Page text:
A Fresh Warning To The Serbs

William Cohen came close to giving Serb President Slobodan Milosevic an ultimatum Friday, reports CBS News National Security Correspondent David Martin.

The U.S. Secretary of Defense warned that the crisis in Kosovo "has to be resolved certainly within a week."

That deadline is driven by the approach of winter and the danger it poses to the estimated 50,000 refugees who are living in the hills of Kosovo. They are afraid to return home because of the continuing presence of Serb army and police units in the separatist province.

However, while winter keeps closing in, the timetable for NATO military action keeps slipping. NATO is currently not expected to authorize air strikes until Monday.

U.S. officials believe that authorization of strikes will give special envoy Richard Holbrooke the clout he needs to convince Milosevic he has no choice but to accede to NATO demands.

Holbrooke was still engaged in protracted talks with Milosevic Friday night in a last-ditch effort to stop the Kosovo crisis from turning into a shooting war.

Holbrooke was trying to persuade Milosevic to avert threatened NATO air strikes by obeying a six-point ultimatum from the Big Power Contact Group comprising the United States, its European allies and Russia.

Holbooke had no comment about the talks, which State Department spoeksman James Foley described as "tough."

Foley said the situation in Kosovo appeared to be quiet, but there was no sign that more Yugoslav troops and police were meeting the U.N. demand that they end a bloody crackdown on pro-independence ethnic Albanians there.

On Friday, what may be the last humanitarian aid to reach one of the worst-hit areas of Kosovo made its way to a distribution point, reports CBS News Correspondent Allen Pizzey.

American-donated food, wheat, blankets and foam mattresses reached ethnic Albanians who are desperately in need because their homes have been burned and bombed.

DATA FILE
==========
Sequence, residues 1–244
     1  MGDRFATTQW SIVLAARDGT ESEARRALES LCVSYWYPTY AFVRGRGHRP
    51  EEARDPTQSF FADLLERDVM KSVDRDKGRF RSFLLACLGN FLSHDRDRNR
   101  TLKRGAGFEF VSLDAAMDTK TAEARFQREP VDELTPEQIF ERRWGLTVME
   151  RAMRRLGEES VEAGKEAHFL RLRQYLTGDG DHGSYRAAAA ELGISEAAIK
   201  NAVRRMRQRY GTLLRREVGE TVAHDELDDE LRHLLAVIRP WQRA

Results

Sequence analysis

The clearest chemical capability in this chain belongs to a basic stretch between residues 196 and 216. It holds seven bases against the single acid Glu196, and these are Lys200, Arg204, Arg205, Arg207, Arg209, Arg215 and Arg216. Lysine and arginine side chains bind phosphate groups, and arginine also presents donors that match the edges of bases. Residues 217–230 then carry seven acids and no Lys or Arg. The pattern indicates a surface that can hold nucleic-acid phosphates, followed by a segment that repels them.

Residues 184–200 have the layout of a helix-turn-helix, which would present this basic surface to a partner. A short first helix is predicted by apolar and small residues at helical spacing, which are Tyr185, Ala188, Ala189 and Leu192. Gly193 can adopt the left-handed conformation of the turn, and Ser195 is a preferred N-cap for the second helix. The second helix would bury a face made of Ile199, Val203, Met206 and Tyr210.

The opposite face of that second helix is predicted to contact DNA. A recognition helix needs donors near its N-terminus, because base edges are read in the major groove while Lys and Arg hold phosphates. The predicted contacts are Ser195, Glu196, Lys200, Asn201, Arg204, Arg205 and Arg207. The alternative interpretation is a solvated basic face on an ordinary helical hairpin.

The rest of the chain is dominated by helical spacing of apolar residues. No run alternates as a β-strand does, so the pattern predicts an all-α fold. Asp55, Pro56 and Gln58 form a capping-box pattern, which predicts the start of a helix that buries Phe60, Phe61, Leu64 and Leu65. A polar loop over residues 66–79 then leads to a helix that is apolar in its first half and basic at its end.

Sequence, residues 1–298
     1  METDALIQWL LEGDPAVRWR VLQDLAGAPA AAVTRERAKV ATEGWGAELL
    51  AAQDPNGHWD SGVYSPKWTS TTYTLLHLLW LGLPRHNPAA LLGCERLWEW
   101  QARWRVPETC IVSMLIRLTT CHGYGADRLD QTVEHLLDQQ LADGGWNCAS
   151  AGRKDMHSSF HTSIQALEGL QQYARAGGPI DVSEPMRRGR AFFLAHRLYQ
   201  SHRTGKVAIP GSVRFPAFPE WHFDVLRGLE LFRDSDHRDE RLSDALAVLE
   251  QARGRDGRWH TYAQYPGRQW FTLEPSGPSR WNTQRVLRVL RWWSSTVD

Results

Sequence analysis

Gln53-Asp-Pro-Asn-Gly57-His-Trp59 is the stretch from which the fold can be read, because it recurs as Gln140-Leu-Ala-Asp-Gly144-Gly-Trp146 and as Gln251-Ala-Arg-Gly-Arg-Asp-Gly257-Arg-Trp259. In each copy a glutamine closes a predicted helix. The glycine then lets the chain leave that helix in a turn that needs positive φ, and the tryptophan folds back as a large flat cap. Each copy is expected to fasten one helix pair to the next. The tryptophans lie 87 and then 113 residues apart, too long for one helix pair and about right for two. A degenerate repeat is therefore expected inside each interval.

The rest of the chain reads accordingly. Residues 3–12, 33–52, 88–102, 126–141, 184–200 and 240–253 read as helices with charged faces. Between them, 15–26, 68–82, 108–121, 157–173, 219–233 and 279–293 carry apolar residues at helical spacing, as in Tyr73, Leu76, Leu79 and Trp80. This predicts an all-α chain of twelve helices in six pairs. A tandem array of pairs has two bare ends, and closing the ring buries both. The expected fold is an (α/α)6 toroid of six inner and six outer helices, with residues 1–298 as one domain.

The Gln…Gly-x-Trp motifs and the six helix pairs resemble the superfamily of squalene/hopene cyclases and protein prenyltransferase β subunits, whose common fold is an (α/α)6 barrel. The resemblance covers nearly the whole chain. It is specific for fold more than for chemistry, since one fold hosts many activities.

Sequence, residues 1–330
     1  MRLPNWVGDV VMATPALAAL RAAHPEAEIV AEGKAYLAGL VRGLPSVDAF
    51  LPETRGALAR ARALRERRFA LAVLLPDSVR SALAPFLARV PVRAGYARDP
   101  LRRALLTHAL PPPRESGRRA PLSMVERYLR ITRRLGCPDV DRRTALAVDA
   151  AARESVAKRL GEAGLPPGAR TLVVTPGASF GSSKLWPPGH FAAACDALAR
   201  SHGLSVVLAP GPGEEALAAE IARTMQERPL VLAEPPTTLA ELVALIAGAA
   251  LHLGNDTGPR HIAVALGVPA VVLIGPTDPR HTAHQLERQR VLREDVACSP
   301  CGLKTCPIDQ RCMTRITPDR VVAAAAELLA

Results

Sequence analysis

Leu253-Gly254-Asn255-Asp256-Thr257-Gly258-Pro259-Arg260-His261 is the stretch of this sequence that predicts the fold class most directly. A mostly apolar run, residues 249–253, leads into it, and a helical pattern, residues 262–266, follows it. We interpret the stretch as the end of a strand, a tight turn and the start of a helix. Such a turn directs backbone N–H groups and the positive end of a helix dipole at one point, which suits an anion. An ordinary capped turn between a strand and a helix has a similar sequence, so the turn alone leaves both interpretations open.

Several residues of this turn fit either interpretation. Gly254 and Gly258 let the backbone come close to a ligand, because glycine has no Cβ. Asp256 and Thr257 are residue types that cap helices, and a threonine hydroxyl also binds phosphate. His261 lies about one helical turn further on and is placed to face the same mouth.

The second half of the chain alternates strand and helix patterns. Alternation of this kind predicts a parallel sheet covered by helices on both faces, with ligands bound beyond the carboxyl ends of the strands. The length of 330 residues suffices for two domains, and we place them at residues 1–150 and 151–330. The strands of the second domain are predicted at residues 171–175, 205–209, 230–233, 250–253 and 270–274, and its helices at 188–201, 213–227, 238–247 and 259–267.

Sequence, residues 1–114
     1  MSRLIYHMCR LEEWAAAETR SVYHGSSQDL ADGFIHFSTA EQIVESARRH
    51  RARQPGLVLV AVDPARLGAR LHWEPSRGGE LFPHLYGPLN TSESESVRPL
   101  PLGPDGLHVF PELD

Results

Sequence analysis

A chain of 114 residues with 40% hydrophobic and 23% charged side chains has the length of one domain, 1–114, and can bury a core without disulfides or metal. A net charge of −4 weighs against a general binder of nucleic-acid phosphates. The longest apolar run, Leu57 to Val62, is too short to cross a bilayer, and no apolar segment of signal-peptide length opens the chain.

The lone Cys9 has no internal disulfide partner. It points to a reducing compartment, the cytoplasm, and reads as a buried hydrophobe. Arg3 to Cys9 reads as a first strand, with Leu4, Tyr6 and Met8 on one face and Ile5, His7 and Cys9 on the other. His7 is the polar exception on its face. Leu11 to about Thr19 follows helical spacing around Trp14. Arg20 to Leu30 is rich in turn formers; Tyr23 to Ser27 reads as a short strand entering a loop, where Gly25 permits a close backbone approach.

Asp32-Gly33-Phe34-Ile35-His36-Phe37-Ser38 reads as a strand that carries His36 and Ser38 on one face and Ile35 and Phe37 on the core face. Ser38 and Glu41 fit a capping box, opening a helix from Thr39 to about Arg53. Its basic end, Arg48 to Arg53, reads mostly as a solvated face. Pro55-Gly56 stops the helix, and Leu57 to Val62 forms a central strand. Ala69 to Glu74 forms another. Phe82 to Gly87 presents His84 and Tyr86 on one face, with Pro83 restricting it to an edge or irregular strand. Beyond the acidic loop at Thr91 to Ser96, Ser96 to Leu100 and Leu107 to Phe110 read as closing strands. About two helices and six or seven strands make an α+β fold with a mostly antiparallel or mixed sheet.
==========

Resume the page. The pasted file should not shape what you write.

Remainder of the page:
Free access for relief agencies is one of the conditions the Serbs must meet to avoid air strikes.

However, the relief effort for Kosovo has all but ground to a halt in anticipation of NATO bombing raids -- aid agencies have withdrawn most of their foreign staff out of concern for their own safety.

Only a handful of Western aid workers are left in Kosovo, and those who have been forced to evacuate are bitter.

"The U.S. and NATO aren't telling us what's going on," said one, and worst of all there appears to be a total lack of concern about what happens in the ground after air strikes.

Guerrillas of the Kosovo Liberation Army (KLA) fighting for independence were observing the first day of a unilateral cease-fire Friday. However, as one relief worker put it, unless some force comes in to take control on the ground when the bombing stops, the KLA and the Serbs will geback to business as usual.

From a humanitarian point of view, it's the worst case scenario imaginable.

©1998 CBS Worldwide Corp. All rights reserved. This material may not be published, broadcast, rewritten, or redistributed. The Associated Press and Reuters contributed to this report